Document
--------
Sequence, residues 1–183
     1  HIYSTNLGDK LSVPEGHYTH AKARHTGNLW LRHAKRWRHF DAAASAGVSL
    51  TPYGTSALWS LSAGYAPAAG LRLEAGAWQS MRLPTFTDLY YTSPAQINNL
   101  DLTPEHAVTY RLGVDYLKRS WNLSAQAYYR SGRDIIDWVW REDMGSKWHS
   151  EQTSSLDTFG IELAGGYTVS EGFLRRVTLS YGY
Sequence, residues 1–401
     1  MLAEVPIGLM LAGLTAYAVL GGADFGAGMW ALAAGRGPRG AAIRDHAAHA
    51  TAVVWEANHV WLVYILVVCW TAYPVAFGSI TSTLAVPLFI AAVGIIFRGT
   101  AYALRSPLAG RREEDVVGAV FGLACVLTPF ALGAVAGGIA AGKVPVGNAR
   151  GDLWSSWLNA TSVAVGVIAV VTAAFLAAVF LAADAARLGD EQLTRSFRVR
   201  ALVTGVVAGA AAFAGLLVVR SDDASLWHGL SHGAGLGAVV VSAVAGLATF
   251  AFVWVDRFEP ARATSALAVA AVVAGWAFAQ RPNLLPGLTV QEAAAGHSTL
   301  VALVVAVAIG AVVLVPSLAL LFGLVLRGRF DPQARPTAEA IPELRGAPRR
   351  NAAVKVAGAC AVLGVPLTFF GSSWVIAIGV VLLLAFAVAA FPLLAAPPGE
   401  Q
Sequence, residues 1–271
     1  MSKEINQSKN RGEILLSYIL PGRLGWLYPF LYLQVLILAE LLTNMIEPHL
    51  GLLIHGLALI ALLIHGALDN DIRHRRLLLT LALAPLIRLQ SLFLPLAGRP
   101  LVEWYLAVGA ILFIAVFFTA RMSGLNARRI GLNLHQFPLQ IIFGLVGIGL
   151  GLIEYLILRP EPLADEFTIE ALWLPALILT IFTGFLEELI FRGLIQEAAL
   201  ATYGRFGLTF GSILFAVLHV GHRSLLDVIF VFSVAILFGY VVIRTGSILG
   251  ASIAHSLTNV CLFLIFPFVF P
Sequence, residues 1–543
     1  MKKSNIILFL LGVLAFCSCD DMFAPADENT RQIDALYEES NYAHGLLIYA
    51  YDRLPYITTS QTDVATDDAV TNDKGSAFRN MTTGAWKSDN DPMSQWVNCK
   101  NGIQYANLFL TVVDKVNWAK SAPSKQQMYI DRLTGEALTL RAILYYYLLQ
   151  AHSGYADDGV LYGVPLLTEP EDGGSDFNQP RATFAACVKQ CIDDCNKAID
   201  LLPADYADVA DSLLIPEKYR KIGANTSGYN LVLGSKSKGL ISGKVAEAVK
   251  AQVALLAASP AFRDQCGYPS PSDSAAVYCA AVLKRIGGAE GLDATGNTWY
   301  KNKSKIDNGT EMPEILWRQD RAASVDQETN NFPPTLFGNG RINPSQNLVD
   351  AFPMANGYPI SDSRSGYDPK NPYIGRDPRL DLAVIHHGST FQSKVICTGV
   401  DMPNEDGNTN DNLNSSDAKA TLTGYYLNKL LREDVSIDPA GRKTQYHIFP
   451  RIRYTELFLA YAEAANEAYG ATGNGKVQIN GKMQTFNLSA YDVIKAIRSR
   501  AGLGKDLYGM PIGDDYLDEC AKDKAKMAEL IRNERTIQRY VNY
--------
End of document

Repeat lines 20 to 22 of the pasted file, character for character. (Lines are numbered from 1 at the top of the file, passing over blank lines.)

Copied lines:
   151  GLIEYLILRP EPLADEFTIE ALWLPALILT IFTGFLEELI FRGLIQEAAL
   201  ATYGRFGLTF GSILFAVLHV GHRSLLDVIF VFSVAILFGY VVIRTGSILG
   251  ASIAHSLTNV CLFLIFPFVF P